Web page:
Hobart Bosworth — pioneering movie director, writer, producer and actor — was born Hobart Van Zandt Bosworth 1867, in Marietta, OH. He was a direct descendant of Miles Standish and John and Priscilla Alden on his father’s side and of New York’s Van Zandt family, the first Dutch settlers to land in the New World, on his mother’s side. Bosworth was always proud of his lineage.
After his mother died his father remarried and the young Hobart took a dislike to his stepmother. Convinced that he was  ‘ill used and cruelly treated’, as he told an interviewer in 1914, he ran away from home for to New York City. He signed on as a cabin boy on the clipper ship ‘Sovereign of the Seas’ and was soon out at sea. (…)
Thinking he’d like to become a landscape painter, a friend suggested that Bosworth work as a stage manager to raise the money to study art. Acting on his friend’s advice, Bosworth obtained a job with McKee Rankin as a stage manager at the California Theatre in San Francisco. With the money he made, he undertook the study of painting. Eventually he was pressed into duty as an actor with a small part with three lines. Though he botched the lines, he was given other small roles. Bosworth was 18 years old and on the cusp of a life in the theater. (…)

There was a new medium for actors: motion pictures. Bosworth moved to San Diego, which had a reputation of having the most perfect climate in the continental United States, and in 1908 was contracted to make a film by the Selig Polyscope Co. Shooting was to be down in the outdoors, and he did not have to use his voice, which was in a poor condition. The arrangement was perfect for him. ‘I believe, after all, that it is the motion pictures that have saved my life’, he recounted less than a decade later. (…) Signing with Selig, Bosworth eventually spearheaded the movie company’s move to Los Angeles. He is widely credited with being the star of the first movie made on the West Coast. Due to his role in pioneering California for the film industry, Bosworth often was referred to as the ‘Dean of Hollywood’. He wrote the scenarios for the second and third pictures he acted in, and directed the third. According to his own count, he eventually wrote 112 scenarios and produced 84 pictures for Selig. Bosworth was attracted to Jack London‘s work due to his out-of-doors filming experience and the requirements of his health, which obviated acting in studios. ‘In all my reading I have never come across better material for motion picture plays than Jack London’s stories, and I hope to go right through the whole lot.’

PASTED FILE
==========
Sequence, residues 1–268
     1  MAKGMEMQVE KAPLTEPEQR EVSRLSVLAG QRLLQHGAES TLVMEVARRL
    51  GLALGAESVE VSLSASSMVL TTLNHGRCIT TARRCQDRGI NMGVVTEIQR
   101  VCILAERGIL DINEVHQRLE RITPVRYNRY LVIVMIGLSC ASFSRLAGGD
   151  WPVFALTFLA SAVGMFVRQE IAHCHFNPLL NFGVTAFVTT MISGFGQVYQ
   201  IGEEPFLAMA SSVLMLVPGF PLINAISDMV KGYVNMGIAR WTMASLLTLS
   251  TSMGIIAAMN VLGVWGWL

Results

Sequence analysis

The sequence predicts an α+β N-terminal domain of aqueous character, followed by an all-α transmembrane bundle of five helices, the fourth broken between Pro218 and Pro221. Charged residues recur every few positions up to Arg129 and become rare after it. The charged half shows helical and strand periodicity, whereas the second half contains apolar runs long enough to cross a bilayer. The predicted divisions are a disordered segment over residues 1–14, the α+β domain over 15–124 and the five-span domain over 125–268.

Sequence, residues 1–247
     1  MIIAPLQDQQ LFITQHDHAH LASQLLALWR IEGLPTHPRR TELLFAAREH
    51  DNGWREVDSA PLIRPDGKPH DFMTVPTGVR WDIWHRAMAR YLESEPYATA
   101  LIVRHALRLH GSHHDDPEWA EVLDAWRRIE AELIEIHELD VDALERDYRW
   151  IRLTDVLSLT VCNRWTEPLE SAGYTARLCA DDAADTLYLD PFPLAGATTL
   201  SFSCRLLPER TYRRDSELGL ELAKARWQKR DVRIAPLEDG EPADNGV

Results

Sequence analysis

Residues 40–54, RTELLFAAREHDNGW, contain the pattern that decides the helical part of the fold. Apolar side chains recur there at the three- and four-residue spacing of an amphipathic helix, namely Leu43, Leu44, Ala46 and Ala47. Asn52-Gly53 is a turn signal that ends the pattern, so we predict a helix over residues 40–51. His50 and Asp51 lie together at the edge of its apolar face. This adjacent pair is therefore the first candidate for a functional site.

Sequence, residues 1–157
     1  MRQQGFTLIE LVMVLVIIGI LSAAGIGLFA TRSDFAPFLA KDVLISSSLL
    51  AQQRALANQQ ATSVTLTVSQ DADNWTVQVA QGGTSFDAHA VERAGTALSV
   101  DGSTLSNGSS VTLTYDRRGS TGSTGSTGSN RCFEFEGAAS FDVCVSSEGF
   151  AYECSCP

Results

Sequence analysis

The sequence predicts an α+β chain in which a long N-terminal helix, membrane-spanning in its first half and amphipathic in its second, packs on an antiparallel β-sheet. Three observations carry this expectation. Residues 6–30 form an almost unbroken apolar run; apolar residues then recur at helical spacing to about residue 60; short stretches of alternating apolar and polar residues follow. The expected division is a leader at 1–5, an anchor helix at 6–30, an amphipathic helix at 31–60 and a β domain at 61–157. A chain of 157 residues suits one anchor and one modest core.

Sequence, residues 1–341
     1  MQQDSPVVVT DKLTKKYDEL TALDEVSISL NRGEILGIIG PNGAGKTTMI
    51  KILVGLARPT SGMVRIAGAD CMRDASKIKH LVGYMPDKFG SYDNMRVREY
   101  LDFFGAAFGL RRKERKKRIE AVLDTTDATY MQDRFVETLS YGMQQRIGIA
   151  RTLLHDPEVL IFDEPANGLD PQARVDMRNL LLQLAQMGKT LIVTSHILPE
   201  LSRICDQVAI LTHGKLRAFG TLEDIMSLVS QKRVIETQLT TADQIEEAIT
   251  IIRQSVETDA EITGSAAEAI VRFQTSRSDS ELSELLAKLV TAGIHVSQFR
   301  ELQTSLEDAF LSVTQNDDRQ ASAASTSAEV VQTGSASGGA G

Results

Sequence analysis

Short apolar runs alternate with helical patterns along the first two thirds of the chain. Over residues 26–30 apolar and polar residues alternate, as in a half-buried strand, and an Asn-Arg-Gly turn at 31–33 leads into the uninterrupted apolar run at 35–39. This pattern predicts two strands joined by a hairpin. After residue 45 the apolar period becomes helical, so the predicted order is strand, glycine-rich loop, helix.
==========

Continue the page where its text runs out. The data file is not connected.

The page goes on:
In 1913 he formed his own company, Hobart Bosworth Productions Co., to produce a series of Jack London melodramas. He produced, directed and starred in the company’s first picture, playing Wolf Larsen in The Sea Wolf (1913), with London himself appearing as a sailor. (…) He produced, directed, wrote and acted in Martin Eden (1914) and An Odyssey of the North (1914), playing the lead in the latter, which was released by Paramount. He finished up the series by producing, directing and playing the lead in the two-part Burning Daylight series: Burning Daylight: The Adventures of ‘Burning Daylight’ in Alaska (1914) and Burning Daylight: The Adventures of ‘Burning Daylight’ in Civilization (1914), both of which were released by Paramount. (…)